If a flower has four petals arranged in a cross, there's a good chance it's in the mustard family. Flowers are organized alphabetically by genus and species. Hover over a photo series to control the images.
Drummond's Rockcress (Boechera stricta)
This plant was formerly known as Arabis Drummondi. The flowers can be mostly white to begin with, in which case they turn lavender as they wither. The example I found had plenty of lavender to begin with. As the flower dies, small spikes—the seed pods—take their place.
Shepherd's Purse (Capsella bursa-pastoris)
Shepherd's Purse is an inconspicuous weed with tiny white flowers. The giveaway is the distinctively shaped seed pods. This introduced species comes from the Mediterranean area, where the seed pods were thought to resemble the leather purses worn by shepherds (in the days before pockets).
Blue Mustard (Chorispora tenella)
Other names include crossflower, beanpodded mustard, chorispora, purple mustard, and tenella mustard. According to
the New Mexico Wildflowers app, this species "grows only in the most disturbed of settings."
Western Tansy-Mustard (Descurainia pinnata)
My ID to the species level is based on the size and shape of the seed pods.
Spectacle Pod (Dimorphocarpa wislizeni)
In Albuquerque, Spectacle Pod is a common weed that blooms throughout the warm months. In April 2019, I found it running riot along the lower Embudito Trail. The flowers occur in clusters on tall stalks. The easy way to identify this species is the seeds that form below the flowers. The seeds supposedly look like spectacles; to me they look more like the fronts of the lab goggles I wore in chemistry class.
As summer turns to fall, you may encounter plants where the signature pods are mostly or entirely gone, but where the flowers are still blooming.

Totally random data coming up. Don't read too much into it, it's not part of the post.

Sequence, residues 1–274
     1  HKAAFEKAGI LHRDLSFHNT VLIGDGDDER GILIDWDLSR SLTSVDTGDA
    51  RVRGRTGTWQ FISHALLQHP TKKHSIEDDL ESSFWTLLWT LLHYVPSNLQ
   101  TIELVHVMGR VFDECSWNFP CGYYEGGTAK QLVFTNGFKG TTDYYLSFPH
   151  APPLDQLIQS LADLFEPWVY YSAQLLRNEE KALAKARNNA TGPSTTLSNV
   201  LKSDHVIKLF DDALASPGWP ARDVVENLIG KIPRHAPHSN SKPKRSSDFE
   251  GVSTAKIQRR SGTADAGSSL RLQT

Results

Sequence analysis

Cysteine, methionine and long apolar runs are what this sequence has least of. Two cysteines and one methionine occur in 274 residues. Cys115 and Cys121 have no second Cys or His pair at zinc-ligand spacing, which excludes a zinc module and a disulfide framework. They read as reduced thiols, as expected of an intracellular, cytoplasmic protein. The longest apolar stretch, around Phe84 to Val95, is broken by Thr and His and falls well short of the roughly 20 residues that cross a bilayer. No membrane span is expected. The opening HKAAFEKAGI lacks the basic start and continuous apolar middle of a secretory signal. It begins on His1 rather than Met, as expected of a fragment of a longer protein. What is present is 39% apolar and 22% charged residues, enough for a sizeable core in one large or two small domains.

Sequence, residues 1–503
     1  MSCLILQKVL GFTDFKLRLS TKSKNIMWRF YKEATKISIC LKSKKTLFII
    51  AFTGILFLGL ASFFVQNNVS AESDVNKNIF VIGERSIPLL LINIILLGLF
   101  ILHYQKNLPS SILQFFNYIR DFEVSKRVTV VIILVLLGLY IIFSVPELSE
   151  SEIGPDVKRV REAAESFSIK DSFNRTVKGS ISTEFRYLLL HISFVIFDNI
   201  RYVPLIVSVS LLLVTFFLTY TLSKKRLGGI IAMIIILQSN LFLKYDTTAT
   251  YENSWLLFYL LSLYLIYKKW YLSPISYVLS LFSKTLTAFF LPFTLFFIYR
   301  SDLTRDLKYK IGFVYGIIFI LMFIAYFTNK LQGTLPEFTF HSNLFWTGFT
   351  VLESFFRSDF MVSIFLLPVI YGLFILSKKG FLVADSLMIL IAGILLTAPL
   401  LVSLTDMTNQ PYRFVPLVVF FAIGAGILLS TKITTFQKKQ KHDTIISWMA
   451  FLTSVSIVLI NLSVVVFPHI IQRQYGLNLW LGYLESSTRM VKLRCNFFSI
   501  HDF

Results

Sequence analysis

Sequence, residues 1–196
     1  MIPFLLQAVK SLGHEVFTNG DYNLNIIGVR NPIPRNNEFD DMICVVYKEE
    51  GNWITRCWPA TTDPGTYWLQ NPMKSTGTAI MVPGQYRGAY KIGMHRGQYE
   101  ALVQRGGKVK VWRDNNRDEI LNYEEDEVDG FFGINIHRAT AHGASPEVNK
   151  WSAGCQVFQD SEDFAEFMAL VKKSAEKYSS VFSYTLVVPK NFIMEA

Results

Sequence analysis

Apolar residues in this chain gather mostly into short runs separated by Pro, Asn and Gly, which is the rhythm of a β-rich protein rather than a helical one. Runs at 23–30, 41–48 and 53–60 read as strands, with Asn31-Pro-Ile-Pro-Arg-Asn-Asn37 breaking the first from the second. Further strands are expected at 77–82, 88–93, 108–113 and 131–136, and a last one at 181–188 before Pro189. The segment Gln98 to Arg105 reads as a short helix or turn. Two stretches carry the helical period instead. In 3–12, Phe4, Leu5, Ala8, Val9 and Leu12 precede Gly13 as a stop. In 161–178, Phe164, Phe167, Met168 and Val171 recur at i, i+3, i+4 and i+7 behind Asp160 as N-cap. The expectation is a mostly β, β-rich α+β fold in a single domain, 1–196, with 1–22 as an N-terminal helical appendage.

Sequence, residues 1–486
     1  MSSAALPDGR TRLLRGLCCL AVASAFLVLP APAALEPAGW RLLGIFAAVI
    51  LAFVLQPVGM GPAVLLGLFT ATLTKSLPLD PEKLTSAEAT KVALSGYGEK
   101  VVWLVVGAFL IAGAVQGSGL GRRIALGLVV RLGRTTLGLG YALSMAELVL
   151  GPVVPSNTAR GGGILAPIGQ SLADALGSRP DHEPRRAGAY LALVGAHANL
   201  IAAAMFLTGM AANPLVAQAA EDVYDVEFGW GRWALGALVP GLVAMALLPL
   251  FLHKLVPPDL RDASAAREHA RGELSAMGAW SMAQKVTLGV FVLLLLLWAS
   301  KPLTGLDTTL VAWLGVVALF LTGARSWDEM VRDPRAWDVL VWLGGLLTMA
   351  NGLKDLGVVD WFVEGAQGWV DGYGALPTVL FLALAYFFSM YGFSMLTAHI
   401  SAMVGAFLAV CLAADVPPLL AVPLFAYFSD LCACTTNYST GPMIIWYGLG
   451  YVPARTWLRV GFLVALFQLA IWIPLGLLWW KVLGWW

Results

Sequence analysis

Draba, Whitlow-Grass (Draba)
Western Wallflower (Erysimum capitatum)
Western Wallflowers are typically yellow at the elevations where people usually encounter them, including in juniper-pinyon woodlands. At higher elevations they're typically orange-red. On rare occasions they're a stunning red. All of those variants are shown here.
New Mexico has multiple species of pepperweed, some native, others not. The tiny individual flowers may be difficult to make out. A close look shows the Mustard Family's classic cross-shaped arrangement of four petals. You can see that in the thumbnail to the left.
Watercress (Nasturtium officinale)
As a young man in Arizona I sometimes hiked with a small bottle of vinaigrette, in case I came across a patch of watercress. I stopped doing that, however, due to the spread of giardia. Watercress is an Old World species but is widely naturalized in North America. Look for watercress in permanent shallow streams with clear, fast-flowing water. If you eat what you find, however, you're eating all the microbes and parasites in the stream.
Despite the name of the genus, the flowers we call nasturtiums are unrelated to the watercresses.
The mountains around Albuquerque host several species of bladderpod. The newly formed seed pods look like tiny green balloons. (Before rubber, balloons were made from animal bladders, hence the common name.) You may find bladderpod listed under the genus Lesquerella, which now considered a synonym for Physaria.
Jim Hill Mustard, Tall Tumblemustard (Sisymbrium altissimum)
This look like (and is first cousin to) the London Rocket that's such a profuse weed in Albuquerque. One difference is that London Rocket flowers usually are under 4 mm long, while the petals on this species usually are at least 5 mm long.
London Rocket (Sisymbrium irio)